Proceedings of The 3rd International Conference on Advanced Research in Social Sciences
Rising Power and Norm Containment: An Examination of China’s Shifting Response to Responsibility to Protect in the 21st Century
The Responsible to Protect (R2P) manifests the prolonged tug-of-war between sovereignty- oriented states and the rule-based international community. Among states participating in the human security/national security debates, China distinguishes itself out due to its strong allegiance to sovereignty and non-interference, cultural relativist perception of human rights, and vigilance against the Western-centric global order as a rising power. Despite its endorsement of R2P in 2005 and substantial contributions to the United Nation peacekeeping operations (UNPKOs), China exhibits a paradoxical attitude towards forcible humanitarian actions. Supporting the UN African Union Mission in Darfur (UNAMID) in 2006, Beijing soon became suspicious towards R2P in Libya in 2011, and eventually struck down eight R2P-related resolutions on Syria from 2011 to 2020. This research examines the fluidity and political contingency on China’s exhibited position on R2P in the 21st century. Through the constructivist-rational institutionalist prism, it weds the process-tracing method with a critical discourse analysis of Darfur, Libya, and Syria. The finding demonstrates that it is the norm containment strategy that enables this rising power to micromanage its commitments and scrutinize the compliance procedures of R2P. As China begins to accumulate more material and ideational power, it evolves gradually from a creative resistor to a competing entrepreneur and proposes the alternative norm with Chinese characteristic: Responsible Protection (RP). Theoretically, this research contributes to scholarships on norm dynamic and contestation and two-way socialization in global governance. Empirically, multi-archival and bilingual records reconstruct historical contexts of China’s evolving perceptions of sovereignty, intervention, and human rights, three key concepts in both international relations (IR) and international law (IL).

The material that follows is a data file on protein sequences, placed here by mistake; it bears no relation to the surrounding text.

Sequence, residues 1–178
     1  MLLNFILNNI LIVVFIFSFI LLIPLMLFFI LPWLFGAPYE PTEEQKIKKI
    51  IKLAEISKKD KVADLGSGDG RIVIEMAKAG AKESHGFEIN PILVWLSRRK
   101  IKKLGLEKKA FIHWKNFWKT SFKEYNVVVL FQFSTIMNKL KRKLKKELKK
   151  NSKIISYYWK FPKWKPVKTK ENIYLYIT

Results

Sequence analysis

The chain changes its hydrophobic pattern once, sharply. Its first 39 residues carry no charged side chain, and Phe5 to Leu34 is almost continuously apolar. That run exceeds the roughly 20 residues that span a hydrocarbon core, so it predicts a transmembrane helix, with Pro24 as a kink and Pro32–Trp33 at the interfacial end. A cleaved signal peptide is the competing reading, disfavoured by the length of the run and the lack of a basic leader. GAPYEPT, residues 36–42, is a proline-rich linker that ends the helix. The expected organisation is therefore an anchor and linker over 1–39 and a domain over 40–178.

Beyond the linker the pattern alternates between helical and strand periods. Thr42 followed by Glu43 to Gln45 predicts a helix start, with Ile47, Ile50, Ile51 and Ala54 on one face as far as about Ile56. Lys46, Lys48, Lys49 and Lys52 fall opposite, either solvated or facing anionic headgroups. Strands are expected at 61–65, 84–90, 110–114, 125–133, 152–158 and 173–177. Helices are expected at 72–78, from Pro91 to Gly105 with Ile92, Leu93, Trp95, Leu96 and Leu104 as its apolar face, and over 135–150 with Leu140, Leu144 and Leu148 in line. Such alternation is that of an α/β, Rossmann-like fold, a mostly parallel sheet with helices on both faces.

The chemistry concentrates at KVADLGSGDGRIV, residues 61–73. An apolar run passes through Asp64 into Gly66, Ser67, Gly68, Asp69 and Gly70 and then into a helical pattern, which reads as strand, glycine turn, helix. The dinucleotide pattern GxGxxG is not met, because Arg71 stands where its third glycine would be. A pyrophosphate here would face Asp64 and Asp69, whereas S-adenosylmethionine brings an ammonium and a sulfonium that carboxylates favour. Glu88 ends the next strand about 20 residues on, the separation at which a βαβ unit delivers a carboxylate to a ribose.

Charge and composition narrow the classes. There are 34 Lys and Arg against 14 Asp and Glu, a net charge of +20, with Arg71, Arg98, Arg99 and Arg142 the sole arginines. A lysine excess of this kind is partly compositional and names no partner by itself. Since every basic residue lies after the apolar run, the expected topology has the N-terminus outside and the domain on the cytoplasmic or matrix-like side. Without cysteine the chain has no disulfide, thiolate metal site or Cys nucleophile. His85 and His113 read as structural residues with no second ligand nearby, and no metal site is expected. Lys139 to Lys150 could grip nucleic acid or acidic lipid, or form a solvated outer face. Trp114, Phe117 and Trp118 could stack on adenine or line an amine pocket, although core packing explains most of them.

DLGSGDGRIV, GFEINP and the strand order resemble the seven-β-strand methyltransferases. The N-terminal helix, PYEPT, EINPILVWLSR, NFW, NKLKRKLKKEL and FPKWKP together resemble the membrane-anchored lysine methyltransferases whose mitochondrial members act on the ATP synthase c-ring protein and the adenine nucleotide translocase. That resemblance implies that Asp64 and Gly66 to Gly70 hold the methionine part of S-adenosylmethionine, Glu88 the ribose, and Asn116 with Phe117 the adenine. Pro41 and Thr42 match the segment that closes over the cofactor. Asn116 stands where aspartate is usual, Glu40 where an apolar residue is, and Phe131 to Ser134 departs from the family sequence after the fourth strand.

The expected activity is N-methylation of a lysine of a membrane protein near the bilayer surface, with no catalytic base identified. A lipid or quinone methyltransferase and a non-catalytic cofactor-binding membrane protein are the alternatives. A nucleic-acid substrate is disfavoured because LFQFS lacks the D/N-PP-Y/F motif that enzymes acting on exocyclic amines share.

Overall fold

Keywords: China, Forcible humanitarian actions, Norm Dynamics, Rising power, R2P, Use of force.